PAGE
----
Can i ask you what you find more complex about 2.0 vs 1.4? As the only thing which has really changed is the ability to scale-out and group multiple Nimble systems under a single management banner. All functionality expected with 1.4 stays the same - although we've moved the Networking tab to it's own dedicated page for simplicity.
Bear in mind that 2.0 introduces Nimble Connection Manager for Windows & VMware - two very handy tools to get away from manual creation of multi-pathing (or via the use of non-persistent scripts) which makes storage presentation a lot simpler.
Also 2.0 has an awful lot of code redesign under the hood which allows us to integrate new features and functionality into the system, which in 1.4 was impossible to do. Although none of this is visible in the GUI, nor does it have any adverse impact on performance on the system - so a good engineering feat, one may say
Hi Nick, for example, in the Network Configuration it now recommends Automatic vs. Manual. And it talks about layer 2 inter-switch link, IP zone etc which I'm really not familiar with, and Target IP becomes optional now? It also asks if you want it to be cluster/data or both. I'm not sure if cluster means management? I haven't tried the connection manager yet not sure if it is as simple as Microsoft's iSCSI initiator?
I just feel like too much change all of a sudden, kind of feeling like Windows 7 to Windows 8.
Thanks for the feedback Jason. Here's some information detailing your discussions:
- Manual networking is what we have always done before in version 1.x of Nimble OS code. This is where we create manual MPIO connections from each physical NIC in the host to each array data IP address. This is not really a scalable solution and forces the end user to manually create (and manage) those connections. Automatic relies on presenting data via something called a Virtual Target IP address (or VTIP for short). If this is enabled, the host will create iSCSI connections to the VTIP rather than individual data IP addresses, and the array will handle the rest for you. This requires you to use Nimble Connection Manager for VMware and/or Windows.
- A Virtual Target IP address is, by default, the same as your Discovery IP address, unless you have two data iSCSI subnets which means you will have two VTIPs.
- IP zoning is a feature in response to a common support problem - which is data is routed across a switch ISL which saturates and causes latency. By creating seperate IP zones it gives the array the intelligence to route data paths away from the ISL meaning data is never sent across the link to access a specific host or array data port. However, this is set to "single" by default, and you should only really look to implement it if a) support have recommended it or b) your SE has recommended it.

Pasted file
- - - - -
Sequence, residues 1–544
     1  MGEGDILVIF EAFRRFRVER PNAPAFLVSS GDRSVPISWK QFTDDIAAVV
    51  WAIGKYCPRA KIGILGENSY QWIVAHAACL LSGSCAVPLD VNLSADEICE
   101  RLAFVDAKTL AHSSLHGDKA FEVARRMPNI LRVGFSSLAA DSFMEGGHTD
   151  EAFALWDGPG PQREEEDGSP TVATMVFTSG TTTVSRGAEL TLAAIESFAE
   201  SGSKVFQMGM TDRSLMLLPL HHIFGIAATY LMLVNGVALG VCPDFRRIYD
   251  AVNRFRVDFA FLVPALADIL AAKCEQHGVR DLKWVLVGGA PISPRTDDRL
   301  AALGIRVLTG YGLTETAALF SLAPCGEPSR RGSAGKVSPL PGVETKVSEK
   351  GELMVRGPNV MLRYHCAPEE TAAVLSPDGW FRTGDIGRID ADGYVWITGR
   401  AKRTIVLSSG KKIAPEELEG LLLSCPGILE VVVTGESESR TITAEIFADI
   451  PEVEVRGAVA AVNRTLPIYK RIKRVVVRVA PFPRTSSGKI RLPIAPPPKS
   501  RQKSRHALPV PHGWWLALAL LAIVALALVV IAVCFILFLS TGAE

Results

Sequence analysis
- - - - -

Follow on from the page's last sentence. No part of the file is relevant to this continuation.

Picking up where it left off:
- We also allow you now to implement your own routes should you wish to. And you can also create different networks where you can dedicate cluster traffic to be sent (if you're scaling out). Cluster traffic is the packets the array sends from one to another in a scale-out configuration. By default this will traverse your data network as you've seen.
I implore you (and every other user on NimbleConnect reading this) to read the "upgrading from 1.4 to 2.0" guide available on Infosight, as all of the above is detailed and explained a lot better than I just have... but comparing this to Windows 7-> Windows 8 is completely unjustified IMO
Thanks Nick, I'll do more reading on it. Like I said I probably just got used to how easy and simple it is in OS 1.4, and we only have 2 arrays so I don't need to worry about the painful manual setup when you have a lots of Nimble arrays. I guess when you have pretty much all your servers on Nimble and it's been working very well, you are kind of hesitant to make changes that you are not familiar with, worrying if something might break. At least that's how I feel it.
Understand loud and clear Jason. For me now the 2.0 way of doing things is second nature, but it did take some time to get to grips fully with some of the new features - which is why it's always good to upgrade the DR system first!
I think you've made a good point that there could be more awareness on this, so thank you very much for that. I'm in the process right now of a blog post describing some of the above which hopefully may rectify that...
Edit: it's here Nimble OS 2.0 Part 1: Manual vs Automatic Networking
Hmm... when we did our upgrade to 2.0 we ended up dropping all connections to our VMWare hosts and everything came crashing down. This wasn't Nimbles fault or really our fault or anyones fault for that matter, it was simply an unknown issue with the upgrade process and how the array controllers flipped over during the upgrade process. It turned out, after about 18 hours of downtime on a Sunday, that it was a little advanced config option in VMWare that caused it to happen.... the iscsi login timeout. We changed it to 60 and then everything began coming back online.
Not sure if they're going to release a white paper on that or make it a pre-req for doing the upgrade but we ran into it and can tell you firsthand that if you don't make that simple config change on your hosts before you start the upgrade you're going to be scratching your head wondering "whaduhhell happen?" when you see all those vm's come offline and drop datastores.
Very happy we ended up waiting for maintenance window on Sunday to apply this, don't foresee it being a problem down the road. Still LOVE Nimble, it's awesome.